UWP Features & Samples

UWP app with Systray extension

A common piece of feedback from folks exploring the move from Win32/NET to UWP is about the lack of Systray (aka notification area) support in UWP. It is true that UWP code can’t run in the Systray, however a UWP package can contain a Win32/NET component that can put itself into the Systray. The UWP package will still be universal (run on Surface Hub, Windows Phone, etc.), and light up the PC-specific Systray functionality on the desktop edition only. In this post I will explain how this can be accomplished on Windows 10.

Capture

TL;DR
See source code on GitHub and install the demo app from the Windows Store:
Get it on Windows 10

Details
First step is adding a WinForms project to your UWP solution. It can be done in C++/Win32 as well, but personally I find WinForms to be the most convenient framework for legacy Systray component development. Next add a class file (in my case called ‘SystrayApplicationContext.cs’) to implement all your systray functionality.

SolutionExplorer

To connect the UWP app and the WinForms systray component, we will be using the following two UWP platform features on Windows 10: FullTrustProcessLauncher and AppService. For the former we need to add a reference to the Windows 10 Desktop Extensions SDK:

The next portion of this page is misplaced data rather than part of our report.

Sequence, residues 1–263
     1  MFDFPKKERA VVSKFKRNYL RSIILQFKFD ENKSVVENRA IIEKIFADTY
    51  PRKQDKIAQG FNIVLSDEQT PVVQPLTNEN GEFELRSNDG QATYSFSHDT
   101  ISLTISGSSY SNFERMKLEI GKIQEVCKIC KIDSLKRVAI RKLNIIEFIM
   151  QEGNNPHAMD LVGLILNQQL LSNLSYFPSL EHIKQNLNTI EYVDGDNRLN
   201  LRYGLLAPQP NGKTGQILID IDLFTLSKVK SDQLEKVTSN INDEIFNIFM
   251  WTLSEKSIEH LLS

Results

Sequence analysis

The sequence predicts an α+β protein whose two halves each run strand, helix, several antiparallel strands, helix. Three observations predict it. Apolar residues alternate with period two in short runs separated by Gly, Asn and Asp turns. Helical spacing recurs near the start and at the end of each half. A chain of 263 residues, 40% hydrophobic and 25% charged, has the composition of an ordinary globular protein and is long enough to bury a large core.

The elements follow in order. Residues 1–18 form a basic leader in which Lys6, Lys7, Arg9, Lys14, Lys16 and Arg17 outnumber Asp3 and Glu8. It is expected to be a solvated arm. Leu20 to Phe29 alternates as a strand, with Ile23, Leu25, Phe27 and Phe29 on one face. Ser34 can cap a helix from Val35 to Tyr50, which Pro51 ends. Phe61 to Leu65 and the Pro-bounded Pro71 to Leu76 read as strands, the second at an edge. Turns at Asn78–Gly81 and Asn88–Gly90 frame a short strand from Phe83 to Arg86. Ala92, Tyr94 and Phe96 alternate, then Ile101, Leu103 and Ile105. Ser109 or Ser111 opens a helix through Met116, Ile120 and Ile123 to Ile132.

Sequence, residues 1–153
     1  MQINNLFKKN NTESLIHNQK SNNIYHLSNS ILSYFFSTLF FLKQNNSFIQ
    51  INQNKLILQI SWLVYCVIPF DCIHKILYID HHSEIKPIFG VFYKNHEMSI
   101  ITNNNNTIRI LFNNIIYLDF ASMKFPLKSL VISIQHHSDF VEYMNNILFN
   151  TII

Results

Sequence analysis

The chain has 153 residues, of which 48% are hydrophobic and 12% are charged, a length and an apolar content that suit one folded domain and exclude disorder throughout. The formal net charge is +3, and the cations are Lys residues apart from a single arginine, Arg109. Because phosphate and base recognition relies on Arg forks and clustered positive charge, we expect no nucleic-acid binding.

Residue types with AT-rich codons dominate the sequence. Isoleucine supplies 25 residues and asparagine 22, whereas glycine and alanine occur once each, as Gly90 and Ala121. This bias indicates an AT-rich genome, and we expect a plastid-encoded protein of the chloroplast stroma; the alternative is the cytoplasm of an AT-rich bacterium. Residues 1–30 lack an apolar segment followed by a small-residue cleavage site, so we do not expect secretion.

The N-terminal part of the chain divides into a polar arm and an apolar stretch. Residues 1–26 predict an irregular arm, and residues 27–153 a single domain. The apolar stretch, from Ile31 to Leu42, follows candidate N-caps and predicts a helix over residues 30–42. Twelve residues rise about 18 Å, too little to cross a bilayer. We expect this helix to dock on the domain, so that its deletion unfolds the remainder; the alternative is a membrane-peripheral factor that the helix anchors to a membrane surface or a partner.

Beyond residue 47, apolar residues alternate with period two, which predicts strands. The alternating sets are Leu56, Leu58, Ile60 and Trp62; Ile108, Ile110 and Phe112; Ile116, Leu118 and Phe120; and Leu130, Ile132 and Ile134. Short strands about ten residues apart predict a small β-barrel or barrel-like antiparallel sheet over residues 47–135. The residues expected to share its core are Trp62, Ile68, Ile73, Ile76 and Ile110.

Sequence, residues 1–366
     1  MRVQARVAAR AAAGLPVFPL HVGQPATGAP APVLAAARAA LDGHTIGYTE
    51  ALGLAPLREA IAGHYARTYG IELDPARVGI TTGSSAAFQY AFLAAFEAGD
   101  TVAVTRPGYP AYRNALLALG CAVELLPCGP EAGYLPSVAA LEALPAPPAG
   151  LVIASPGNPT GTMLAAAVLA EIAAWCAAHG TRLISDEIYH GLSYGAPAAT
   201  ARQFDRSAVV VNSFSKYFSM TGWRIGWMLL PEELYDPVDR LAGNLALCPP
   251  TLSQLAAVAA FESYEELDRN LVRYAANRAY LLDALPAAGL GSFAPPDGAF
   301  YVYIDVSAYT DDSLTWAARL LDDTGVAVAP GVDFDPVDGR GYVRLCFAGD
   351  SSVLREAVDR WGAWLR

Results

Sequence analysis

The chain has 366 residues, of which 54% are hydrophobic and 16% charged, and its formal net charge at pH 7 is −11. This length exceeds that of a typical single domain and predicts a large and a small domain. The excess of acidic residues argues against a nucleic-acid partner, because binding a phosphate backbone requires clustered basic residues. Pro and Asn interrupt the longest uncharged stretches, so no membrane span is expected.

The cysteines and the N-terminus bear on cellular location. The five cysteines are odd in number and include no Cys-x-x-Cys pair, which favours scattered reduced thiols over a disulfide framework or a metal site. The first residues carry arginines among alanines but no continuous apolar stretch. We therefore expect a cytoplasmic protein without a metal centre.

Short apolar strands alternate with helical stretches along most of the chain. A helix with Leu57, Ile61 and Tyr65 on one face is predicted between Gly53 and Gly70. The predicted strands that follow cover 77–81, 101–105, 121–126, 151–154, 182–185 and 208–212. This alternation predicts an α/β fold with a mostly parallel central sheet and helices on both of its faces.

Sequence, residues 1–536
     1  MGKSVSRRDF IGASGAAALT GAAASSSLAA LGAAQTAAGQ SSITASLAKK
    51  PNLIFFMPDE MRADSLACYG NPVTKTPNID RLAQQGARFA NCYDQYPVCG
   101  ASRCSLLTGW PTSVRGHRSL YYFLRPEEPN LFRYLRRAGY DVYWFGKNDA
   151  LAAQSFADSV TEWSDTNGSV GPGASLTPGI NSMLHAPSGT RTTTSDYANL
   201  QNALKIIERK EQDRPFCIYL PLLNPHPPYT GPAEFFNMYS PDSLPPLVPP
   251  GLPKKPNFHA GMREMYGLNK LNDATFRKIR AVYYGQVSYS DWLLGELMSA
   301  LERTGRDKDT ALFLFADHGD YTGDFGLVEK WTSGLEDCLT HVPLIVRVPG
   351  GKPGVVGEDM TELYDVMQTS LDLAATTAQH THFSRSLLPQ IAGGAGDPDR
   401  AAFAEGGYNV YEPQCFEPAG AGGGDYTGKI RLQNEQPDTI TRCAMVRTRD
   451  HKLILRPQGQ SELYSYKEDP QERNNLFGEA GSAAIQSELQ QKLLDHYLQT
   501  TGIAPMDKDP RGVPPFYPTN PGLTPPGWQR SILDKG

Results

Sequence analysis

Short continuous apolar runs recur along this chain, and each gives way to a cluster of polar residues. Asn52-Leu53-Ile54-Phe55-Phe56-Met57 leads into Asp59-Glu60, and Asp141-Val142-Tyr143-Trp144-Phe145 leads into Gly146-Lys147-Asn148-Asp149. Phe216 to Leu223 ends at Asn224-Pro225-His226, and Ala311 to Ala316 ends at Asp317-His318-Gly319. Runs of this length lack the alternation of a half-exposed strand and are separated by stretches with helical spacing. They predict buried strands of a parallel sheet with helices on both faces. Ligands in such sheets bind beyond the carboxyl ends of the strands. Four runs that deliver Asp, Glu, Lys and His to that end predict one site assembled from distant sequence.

AddReference

Now we can declare the “windows.fullTrustProcess” and “windows.AppService” extensions in the manifest for our UWP app package. Note also the two capability declarations. The first one is needed for launching the WinForms code from the UWP, the second one we will need in order to intercept the CloseRequested event (when the user hits the “X” on the window). The latter is somewhat unrelated to the topic of this post, but it’s an implementation choice I made for the sample app – and might be useful for your similar scenarios. Note that this API is available in the Creators Update in preview state.

manifest

With the project structure and manifest declarations in place, we can start implementing the desired functionality. First, we want to intercept the user’s close gesture by subscribing to the CloseRequested event:

SystemNavigationManagerPreview mgr =
 SystemNavigationManagerPreview.GetForCurrentView();
mgr.CloseRequested += SystemNavigationManager_CloseRequested;